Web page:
NfL (Neurofilament Light Chain) Levels as a Predictive Marker for Long-Term Outcome After Ischemic Stroke.

Stroke. 2019:Strokeaha119026410.
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Uphaus T, Bittner S, Groschel S, Steffen F, Muthuraman M, Wasser K, Weber-Kruger M, Zipp F, Wachter R and Groschel K.

Stroke. 2019 Sep 20:STROKEAHA119026410. doi: 10.1161/STROKEAHA.119.026410

Abstract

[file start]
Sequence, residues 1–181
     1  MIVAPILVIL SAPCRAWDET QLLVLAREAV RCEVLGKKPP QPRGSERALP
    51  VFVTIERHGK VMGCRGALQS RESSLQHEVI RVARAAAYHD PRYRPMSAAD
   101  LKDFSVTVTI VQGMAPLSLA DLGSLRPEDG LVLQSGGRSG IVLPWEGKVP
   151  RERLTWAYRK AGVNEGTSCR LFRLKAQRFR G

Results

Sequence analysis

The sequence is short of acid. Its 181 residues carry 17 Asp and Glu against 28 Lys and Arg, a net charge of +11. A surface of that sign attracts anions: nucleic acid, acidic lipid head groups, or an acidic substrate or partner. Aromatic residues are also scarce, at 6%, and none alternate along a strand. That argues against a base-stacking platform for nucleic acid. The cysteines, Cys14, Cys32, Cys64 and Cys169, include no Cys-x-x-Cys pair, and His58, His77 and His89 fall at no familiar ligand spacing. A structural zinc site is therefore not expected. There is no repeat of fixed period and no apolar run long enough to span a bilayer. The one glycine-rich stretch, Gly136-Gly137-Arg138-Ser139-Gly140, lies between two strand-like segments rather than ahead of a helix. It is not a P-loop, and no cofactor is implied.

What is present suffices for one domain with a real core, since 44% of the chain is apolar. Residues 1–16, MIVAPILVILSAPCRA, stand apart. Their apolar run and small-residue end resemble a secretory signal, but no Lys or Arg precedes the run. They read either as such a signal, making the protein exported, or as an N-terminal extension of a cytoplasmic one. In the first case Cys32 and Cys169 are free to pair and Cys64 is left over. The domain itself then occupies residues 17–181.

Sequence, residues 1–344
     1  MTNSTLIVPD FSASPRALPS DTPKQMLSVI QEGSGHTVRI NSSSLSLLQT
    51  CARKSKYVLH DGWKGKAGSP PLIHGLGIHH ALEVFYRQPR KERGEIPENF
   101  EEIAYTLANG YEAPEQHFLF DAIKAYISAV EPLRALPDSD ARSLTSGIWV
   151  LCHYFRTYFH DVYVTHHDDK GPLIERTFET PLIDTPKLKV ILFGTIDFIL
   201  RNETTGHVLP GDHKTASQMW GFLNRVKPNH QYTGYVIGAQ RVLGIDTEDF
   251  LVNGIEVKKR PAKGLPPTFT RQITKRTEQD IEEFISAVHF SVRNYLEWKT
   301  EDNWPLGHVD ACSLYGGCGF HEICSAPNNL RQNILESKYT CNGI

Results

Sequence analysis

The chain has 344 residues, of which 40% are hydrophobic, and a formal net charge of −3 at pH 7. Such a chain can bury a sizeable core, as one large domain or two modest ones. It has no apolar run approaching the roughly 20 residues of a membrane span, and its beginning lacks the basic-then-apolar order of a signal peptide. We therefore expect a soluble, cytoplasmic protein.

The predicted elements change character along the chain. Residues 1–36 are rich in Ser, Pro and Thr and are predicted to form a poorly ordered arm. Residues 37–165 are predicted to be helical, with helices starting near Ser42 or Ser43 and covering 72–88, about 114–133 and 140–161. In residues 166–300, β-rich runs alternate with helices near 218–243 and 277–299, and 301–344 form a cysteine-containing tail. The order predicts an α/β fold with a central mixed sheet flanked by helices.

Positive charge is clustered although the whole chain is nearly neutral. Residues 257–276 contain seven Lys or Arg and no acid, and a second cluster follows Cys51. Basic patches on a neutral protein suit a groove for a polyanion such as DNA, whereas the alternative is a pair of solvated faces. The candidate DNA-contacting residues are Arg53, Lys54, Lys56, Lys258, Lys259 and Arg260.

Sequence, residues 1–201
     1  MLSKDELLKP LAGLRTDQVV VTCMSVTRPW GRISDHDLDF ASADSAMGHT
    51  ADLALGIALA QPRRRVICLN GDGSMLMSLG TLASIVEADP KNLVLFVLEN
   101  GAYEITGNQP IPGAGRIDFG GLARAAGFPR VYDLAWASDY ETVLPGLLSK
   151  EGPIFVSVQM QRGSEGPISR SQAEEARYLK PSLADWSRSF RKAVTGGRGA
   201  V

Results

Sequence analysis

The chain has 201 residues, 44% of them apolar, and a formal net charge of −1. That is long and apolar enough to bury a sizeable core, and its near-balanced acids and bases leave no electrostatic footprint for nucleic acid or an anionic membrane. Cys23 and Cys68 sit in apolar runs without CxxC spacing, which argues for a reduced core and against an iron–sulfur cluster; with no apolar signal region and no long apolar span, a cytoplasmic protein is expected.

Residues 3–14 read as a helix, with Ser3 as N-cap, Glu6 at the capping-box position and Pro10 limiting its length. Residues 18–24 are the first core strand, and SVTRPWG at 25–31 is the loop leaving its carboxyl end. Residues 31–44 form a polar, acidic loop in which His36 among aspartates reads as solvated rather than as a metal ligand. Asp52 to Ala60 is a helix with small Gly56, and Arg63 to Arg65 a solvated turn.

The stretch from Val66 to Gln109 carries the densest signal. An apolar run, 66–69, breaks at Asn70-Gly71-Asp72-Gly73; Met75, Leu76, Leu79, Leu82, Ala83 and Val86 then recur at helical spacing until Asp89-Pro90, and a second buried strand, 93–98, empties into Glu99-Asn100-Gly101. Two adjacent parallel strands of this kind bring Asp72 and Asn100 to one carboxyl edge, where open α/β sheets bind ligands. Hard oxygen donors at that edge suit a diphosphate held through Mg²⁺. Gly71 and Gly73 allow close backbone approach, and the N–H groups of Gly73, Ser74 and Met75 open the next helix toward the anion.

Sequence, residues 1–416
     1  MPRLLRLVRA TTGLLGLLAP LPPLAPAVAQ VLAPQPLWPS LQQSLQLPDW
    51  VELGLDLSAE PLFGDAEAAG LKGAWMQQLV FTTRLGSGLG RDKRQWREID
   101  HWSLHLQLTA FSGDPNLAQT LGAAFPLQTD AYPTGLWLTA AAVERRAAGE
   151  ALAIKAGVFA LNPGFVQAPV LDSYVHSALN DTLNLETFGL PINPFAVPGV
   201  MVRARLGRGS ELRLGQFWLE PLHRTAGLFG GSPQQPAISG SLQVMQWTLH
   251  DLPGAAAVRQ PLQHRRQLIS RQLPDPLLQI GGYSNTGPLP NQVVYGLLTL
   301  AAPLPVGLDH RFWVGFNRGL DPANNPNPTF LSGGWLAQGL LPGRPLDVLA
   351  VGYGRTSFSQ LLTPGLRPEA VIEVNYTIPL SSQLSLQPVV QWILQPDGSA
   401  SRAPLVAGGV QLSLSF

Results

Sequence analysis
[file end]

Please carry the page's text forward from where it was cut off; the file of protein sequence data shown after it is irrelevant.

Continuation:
Background and Purpose- Ischemic stroke causes major disability as a consequence of neuronal loss and recurrent ischemic events. Biomarkers predicting tissue damage or stroke recurrence might be useful to guide an individualized stroke therapy. NfL (neurofilament light chain) is a promising biomarker that might be used for this purpose. Methods- We used individual data of patients with an acute ischemic stroke and clinical long term follow-up. Serum NfL (sNfL) was quantified within 24 hours after admission and after 1 year and compared with other biomarkers (GDF15 [growth differentiation factor 15], S100, NT-proBNP [N-terminal pro-B-type natriuretic peptide], ANP [atrial natriuretic peptide], and FABP [fatty acid-binding protein]). The primary end point was functional outcome after 90 days and cerebrovascular events and death (combined cardiovascular end point) within 36 months of follow-up. Results- Two hundred eleven patients (mean age, 68.7 years; SD, ±12.6; 41.2% women) with median clinical severity on the National Institutes of Health Stroke Scale (NIHSS) score of 3 (interquartile range, 1-5) and long-term follow-up with a median of 41.8 months (interquartile range, 40.0-44.5) were prospectively included. We observed a significant correlation between sNfL and NIHSS at hospital admission (r=0.234; P<0.001). sNfL levels increased with the grade of age-related white matter changes (P<0.001) and were able to predict unfavorable clinical outcome (modified Rankin Scale score, ≥2) 90 days after stroke (odds ratio [OR], 1.562; 95% CI, 1.003-2.433; P=0.048) together with NIHSS (OR, 1.303; 95% CI, 1.164-1.458; P<0.001) and age-related white matter change rating (severe; OR, 3.326; 95% CI, 1.186-9.326; P=0.022). Similarly, sNfL was valuable for the prediction of the combined cardiovascular end point (OR, 2.002; 95% CI, 1.213-3.302; P=0.007), besides NIHSS (OR, 1.110; 95% CI, 1.000-1.232; P=0.049), diabetes mellitus (OR, 2.942; 95% CI, 1.306-6.630; P=0.005), and age-related white matter change rating (severe; OR, 4.816; 95% CI, 1.206-19.229; P=0.026) after multivariate regression analysis. Kaplan-Meier analysis revealed significantly more combined cardiovascular end points (18 [14.1%] versus 38 [45.8%], log-rank test P<0.001) during long-term follow-up in patients with elevated sNfL levels. Conclusions- sNFL is a valuable biomarker for functional independence 90 days after ischemic stroke and predicts cardiovascular long-term outcome. Clinical Trial Registration- URL: http://www.isrctn.com. Unique identifier: ISRCTN 46104198.